Myths Defeat Purpose
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14 September 2009
The stem cell transplantation is still in the preliminary stage in the country. “Against 10,000 cord blood (stem cell) transplantations in the world every year, our country is still witnessing only 20 transplantations,” said Dr CV Neriker, chief executive officer of the country's only stem cell bank, while talking to TOI on Sunday.
“People tend to raise ethical issues and there are also religious connotations associated with the use of stem cells in the country,” he said. Saying that about 60 per cent of blood cell transplantations was done through umbilical cord transplantation (UCB) in the world, he claimed Indian’s still hesitated to use stem cells from the cord.
“There are a number of misconceptions about the use of stem cells from the cord,” said Dr Neriker, adding researches had shown that the cord was the best and easiest source of retrieving the wonder cells. “The cord provides once–in–a–lifetime opportunity to preserve a biological resource and it should not be wasted,” he said.
“Retrieving stem cells from umbilical cord is a painless process unlike the bone marrow retrieval, which is a painful process,” he said. “The wonder cells are genetically unique source and could be used as a lifesaver for the child or other family members,” he added.
The former blood transfusion officer of Government Medical College, Nagpur, informed while a child had 100 per cent chances of retrieving specialised cells, the siblings had 25 per cent chance of being a suitable match. “These cells are ideal for treating genetically inherited diseases and are fast proving to be life–saving alternative to bone–marrow transplants,” he added.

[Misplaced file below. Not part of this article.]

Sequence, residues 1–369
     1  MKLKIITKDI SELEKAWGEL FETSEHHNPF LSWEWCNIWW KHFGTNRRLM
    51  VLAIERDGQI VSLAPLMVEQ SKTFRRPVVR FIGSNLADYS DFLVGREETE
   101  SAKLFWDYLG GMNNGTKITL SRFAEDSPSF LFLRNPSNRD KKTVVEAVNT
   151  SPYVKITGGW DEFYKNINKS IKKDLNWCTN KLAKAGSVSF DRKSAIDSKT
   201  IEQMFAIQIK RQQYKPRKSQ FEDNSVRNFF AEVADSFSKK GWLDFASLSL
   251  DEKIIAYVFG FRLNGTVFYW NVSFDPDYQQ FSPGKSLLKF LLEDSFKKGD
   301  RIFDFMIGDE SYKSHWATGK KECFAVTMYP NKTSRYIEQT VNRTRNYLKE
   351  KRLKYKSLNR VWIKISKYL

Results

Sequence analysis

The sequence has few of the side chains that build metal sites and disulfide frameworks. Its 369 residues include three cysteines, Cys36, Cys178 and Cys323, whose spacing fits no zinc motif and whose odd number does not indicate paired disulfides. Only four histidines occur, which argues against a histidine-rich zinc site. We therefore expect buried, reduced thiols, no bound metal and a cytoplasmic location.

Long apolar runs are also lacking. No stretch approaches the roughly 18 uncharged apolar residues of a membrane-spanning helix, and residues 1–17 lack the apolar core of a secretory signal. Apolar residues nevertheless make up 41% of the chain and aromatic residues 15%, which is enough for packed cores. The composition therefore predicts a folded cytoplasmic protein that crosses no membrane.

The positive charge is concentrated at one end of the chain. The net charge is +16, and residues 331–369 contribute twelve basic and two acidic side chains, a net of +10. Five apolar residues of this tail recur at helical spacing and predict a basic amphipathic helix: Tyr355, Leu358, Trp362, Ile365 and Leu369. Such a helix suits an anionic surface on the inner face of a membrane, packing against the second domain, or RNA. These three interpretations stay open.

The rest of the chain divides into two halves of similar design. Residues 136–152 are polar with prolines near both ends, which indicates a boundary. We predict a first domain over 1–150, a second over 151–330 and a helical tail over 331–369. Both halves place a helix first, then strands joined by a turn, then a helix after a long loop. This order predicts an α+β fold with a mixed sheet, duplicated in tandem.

Dispelling the huge cost factor associated with the storage and banking for preserving the miracle cells, he said the entire cost of preserving the stem cells in the bank was around Rs 70,000 for 21 years, which came to only Rs 9 per day, he said.
They are unspecialised cells that have two defining properties – the ability to differentiate into other cells and the ability to self-regenerate. The ability to differentiate is the potential to develop into other cell types and the ability to self-regenerate is the ability to multiply into own cell types.
After a baby is born and the umbilical cord is cut, some blood remains in the blood vessels of the placenta and the portion of the umbilical cord that remains attached to it. After birth, the baby no longer needs this extra blood which is called the placental blood or umbilical cord blood. It is rich in hematopoietic (blood-forming) stem cells, similar to those found in bone marrow.
Common misconceptions: Myth: The baby or sibling will never need the stem cells if the family does not have a history of cancer
Truth: The stem cells could be required for treating a number of other life threatening diseases, including genetically inherited diseases
Myth: Doctors would never treat the child with his or her own cord blood because it would contain the disease
Truth: This is true only in the case of genetic disorders while the stem cells can be used in treating other ailments
Myth: Cord blood collection would take away important blood from the baby
Truth: The cord blood is generally not needed by the baby except in the case of foetal distress